If you really want to get back to academia, then I would state explicitly that you required a break because you needed an organ transplant. Then be sure to fill out that information card that goes to HR - on under-represented groups. These include forms of (dis)ability, which may be relevant, given your medical history. I have witnessed a search where HR made a department give consideration to someone's application who was in another category.
In the USA, today's universities' faculties are supposed to be representative of the various groups in society at large.

David Slakter

Thank you for the feedback. When you say to state it, do you mean in my cover letter? I do legally count as disabled, and check this box on the relevant forms, but I have been unsure about stating it elsewhere for fear it could be potentially harmful for me to mention.

Another question: How should onne cultivate referees beyond one's supervisors?

Prof L

NumbTwo—no, that is not possible—no high-ranking program would accept someone who already had a PhD . Do you really have a tenure at an R1 profile? Like multiple articles a year + a book with a top-notch press, something like that? I do not think that what you propose is wise, even if it were possible. I would invest in conferencing (I know, Covid, but for the time being, online conferences)—if you become well-known in your sub discipline, you can get letters etc, to overcome the lack of “clout” of your home institution. it’s always a gamble, though. I know very smart accomplished people from high-ranked programs who have been shut out—no interviews, year after year. It sucks—you always think someone else has the golden ticket, truth is, there is no golden ticket.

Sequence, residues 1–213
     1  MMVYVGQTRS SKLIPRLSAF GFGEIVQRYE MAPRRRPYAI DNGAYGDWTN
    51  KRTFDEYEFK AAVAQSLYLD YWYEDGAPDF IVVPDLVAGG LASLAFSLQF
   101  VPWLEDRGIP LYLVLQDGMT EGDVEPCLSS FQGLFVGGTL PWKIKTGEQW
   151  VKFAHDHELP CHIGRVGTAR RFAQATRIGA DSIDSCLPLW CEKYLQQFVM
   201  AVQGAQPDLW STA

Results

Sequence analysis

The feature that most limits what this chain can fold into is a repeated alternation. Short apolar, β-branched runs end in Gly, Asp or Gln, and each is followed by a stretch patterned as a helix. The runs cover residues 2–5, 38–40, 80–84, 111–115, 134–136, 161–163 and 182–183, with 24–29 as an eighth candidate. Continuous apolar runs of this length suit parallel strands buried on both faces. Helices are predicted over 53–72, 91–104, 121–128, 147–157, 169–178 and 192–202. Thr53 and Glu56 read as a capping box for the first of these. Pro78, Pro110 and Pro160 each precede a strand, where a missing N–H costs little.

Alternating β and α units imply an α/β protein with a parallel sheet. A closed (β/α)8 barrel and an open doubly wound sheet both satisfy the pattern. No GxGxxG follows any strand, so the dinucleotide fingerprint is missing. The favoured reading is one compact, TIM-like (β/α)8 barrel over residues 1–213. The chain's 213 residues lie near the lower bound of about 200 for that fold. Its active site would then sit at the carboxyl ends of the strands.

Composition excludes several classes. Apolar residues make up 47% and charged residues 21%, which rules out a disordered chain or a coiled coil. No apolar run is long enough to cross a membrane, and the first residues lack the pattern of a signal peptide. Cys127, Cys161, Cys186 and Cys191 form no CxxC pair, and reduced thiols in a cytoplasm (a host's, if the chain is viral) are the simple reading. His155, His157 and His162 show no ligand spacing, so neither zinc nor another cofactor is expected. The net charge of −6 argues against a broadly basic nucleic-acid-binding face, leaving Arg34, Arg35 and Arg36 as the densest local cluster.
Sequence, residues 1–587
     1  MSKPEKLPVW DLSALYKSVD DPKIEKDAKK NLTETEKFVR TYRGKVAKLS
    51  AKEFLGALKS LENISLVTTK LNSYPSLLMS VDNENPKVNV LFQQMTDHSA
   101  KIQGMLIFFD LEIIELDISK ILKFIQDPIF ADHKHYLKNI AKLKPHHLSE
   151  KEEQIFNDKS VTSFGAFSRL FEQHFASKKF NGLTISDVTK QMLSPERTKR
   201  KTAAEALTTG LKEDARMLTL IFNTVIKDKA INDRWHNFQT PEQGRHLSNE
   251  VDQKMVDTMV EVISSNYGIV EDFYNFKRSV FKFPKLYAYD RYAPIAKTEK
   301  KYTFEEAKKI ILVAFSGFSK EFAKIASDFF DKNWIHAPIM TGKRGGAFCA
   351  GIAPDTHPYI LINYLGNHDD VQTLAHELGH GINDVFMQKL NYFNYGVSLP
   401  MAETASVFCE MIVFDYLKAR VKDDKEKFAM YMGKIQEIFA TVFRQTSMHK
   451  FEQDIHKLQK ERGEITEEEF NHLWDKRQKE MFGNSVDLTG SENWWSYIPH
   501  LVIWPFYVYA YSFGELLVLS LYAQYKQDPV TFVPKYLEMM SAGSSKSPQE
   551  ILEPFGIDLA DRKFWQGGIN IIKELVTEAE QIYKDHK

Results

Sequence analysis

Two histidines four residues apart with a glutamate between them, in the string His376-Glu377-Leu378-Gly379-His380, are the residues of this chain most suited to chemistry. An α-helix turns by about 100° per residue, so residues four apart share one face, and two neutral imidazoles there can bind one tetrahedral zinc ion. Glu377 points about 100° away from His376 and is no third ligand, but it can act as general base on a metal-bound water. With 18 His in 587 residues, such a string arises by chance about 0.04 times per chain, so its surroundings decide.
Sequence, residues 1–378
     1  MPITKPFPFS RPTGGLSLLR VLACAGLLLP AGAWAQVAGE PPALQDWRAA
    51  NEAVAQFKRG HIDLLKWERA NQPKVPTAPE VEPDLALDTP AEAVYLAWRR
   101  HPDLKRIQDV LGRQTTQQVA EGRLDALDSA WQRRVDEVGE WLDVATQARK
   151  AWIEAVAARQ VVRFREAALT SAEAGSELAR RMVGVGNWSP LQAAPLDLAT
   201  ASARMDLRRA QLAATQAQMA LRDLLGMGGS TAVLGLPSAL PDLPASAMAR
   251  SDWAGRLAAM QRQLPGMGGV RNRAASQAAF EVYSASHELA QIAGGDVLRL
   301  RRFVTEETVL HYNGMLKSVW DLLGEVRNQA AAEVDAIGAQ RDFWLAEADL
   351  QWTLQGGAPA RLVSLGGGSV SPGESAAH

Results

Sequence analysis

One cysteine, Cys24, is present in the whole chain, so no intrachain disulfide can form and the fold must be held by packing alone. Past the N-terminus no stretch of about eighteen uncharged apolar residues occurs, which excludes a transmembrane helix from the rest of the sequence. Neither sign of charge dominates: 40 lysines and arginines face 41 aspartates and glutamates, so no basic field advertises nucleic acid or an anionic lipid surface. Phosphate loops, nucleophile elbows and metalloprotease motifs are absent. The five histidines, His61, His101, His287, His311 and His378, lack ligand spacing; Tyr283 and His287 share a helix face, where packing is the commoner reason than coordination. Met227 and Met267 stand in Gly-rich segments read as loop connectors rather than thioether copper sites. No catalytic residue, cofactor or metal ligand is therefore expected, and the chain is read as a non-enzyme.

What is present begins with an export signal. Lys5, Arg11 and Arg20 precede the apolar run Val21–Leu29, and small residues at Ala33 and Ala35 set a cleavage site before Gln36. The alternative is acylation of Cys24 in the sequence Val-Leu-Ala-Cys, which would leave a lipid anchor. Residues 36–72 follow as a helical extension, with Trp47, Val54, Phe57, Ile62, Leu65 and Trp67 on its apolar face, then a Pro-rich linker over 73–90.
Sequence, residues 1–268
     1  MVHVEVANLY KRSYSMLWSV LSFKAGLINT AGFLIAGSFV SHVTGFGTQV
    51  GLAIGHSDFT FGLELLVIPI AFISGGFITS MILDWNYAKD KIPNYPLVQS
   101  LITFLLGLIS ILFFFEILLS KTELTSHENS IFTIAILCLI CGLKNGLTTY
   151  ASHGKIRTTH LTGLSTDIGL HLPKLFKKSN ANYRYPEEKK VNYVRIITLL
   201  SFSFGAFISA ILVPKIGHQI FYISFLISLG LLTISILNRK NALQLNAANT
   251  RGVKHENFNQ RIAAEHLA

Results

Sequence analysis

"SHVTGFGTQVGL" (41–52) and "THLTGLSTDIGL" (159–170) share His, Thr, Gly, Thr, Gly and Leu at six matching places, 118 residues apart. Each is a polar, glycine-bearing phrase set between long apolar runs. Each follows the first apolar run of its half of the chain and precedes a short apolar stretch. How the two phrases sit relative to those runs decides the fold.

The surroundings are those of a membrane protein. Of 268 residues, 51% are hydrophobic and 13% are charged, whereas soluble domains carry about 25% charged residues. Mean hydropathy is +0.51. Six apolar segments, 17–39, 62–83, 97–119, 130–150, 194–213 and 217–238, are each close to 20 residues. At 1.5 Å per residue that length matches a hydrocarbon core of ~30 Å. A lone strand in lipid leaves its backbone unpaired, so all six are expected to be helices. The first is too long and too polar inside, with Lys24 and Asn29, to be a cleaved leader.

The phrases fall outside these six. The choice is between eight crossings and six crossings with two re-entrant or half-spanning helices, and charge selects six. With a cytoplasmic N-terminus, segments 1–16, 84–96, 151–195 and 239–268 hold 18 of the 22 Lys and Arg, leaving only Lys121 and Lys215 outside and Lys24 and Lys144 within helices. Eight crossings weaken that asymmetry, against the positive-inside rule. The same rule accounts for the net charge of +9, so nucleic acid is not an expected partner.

not extra


I've been in a similar position: low pay, 4/4, other people to support.

My first few years out of grad school, I took the extra teaching - it was really hard to make rent/utilities/debt payments otherwise.

These days, I no longer take the extra teaching. After a few years, I got incredibly burned out and really started to hate my job. I've been lucky enough to get research projects in order and pick up a few grants. Research is also fun for me, and I see it as a way to improve my chances at a different job that pays better.

Prof L

Alex—I second Exit Planner’s advice —do not ask faculty at other institutions to do a directed reading with you. It would have to be informal (NO ONE would be interested in the administrative nightmare of a class for credit at their institution), so you are basically asking someone to teach a course for free to a person to whom they have no professional obligation. I could maybe see it at a SLAC—like a bored person who might be excited to work with a graduate student. Still—it’s a lot to ask. My own bar for doing directed readings is very high (like, it would have to be multiple students, an area closely related to my current research), but I’m pre-tenure. And no, don’t bring a syllabus. I would approach it informally. Just first ask if they have the time/interest to do a directed reading in this area. If they seem interested, schedule a meeting to talk about what would be read.